Truth-telling or “parrh–esia” (Foucault, 2011) was a classical political virtue that can be loosely compared to the modern right to free speech, which is central to democratic citizenship. Establishing, revisiting, and revising patients' and families' goals of care through inclusive consultation, sensitive truthtelling, and ACP is also central to palliative care. In that it is conditioned by an ethic of truth-telling, palliative care both expresses and generates another of the virtues, known as “civic friendship” in the classical sense of philia, a “loving bond . . . involving altruism, reciprocity, and mutual recognition” (Konstan, 1997, p. 69). Friendship and honesty were considered core political virtues in the classical world, and are internally related to the common good: “Where there is justice, friendship is possible. And where there is friendship, there is the pursuit of the common good” (Smith 1995, p. 167).

According to Aristotle (1985, 212–213; Nichomachean Ethics, Bk.Viii, 9:35 1156b), “complete friendship is the friendship of good people similar in virtue; for they wish goods in the same way to each other insofar as they are good, and they are good in themselves. Those who wish goods to their friend for the friend's own sake are friends most of all; for they have this attitude because of
the friend himself.” This is closely related to the Buddhist concept of the spiritual friend (King, 1991, p. 119). The “goods” the palliative care team wishes for the patient and family (and ultimately, of course for themselves)—relief from physical, emotional, spiritual, or psychosocial pain—are “produced” in the community of friendship generated by the praxis of palliative care. The virtues condition the “energetic tone” of the family, the community, and even the polity as a whole when policies supporting palliative care ensure that it is fully integrated into the health care delivery system.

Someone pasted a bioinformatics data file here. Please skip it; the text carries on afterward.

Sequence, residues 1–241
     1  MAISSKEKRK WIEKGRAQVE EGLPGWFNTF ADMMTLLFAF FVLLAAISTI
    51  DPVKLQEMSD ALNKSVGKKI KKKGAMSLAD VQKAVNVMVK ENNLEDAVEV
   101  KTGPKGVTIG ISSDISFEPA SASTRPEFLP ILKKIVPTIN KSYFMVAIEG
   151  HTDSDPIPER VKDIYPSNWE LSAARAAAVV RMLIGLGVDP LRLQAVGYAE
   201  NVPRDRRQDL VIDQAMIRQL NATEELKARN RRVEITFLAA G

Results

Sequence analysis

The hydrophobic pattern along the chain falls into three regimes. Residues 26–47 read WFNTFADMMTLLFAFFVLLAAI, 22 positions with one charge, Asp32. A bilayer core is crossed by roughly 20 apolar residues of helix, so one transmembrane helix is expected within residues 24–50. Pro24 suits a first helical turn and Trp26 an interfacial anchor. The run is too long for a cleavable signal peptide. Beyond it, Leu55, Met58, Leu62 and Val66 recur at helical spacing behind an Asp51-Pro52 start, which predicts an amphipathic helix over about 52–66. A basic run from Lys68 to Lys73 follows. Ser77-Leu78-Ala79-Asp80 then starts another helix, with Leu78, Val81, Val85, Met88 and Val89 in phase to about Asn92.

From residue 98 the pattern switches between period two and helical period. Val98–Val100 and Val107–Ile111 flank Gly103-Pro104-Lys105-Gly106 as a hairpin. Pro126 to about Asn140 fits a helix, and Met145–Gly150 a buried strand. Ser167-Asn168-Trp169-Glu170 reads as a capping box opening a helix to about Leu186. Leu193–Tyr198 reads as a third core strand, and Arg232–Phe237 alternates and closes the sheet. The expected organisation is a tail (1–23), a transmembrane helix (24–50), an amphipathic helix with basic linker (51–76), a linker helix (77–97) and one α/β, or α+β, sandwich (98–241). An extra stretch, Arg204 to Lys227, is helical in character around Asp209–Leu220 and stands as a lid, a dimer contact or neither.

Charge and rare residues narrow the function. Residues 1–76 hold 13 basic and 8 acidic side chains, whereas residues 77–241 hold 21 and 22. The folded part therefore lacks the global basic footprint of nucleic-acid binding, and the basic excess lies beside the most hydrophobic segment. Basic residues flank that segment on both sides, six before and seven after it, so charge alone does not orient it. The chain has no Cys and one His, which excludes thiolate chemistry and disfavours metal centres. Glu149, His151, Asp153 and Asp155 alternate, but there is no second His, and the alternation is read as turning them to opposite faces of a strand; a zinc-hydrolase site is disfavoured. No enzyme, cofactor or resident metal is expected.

The core political virtue of civic friendship is classically twinned with the virtue of courage (tharséo). The courage of the soldier (the paradigmatic classi-

cal citizen) is the willingness to face death in battle, knowing he has the support and trust of the community he loves. The community, his group of comrades, is the wind at the soldier's back. The modern citizen/patient/community of the seriously ill has this same wind at its back when that citizen's fellows, her health care services, and her elected representatives treat her well-being, and that of her family, as their primary concern. The foundation of political courage, its molecular structure, is love and charity (caritas): love of country (patria), family, clan, and virtue (Viroli, 1995). That love can also be extended to suffering humanity, to our fellow inhabitants of the planet. These virtues are all immanent to the original institution of citizenship, which can be mapped in praxis onto international legal and biomedical regimes (Fins, 2005, p. xvi). The virtues we have identified are a synergistic source of authentic collective power for a terminally ill person and her caregivers: “communication confers communion and creates community” (Ward, 2000, p. 111). The Veterans Administration incorporates the virtues that have always been immanent to the soldier–citizen–polity continuum into its palliative care program for terminally ill soldiers through its Home-Based Primary Care and inpatient programs.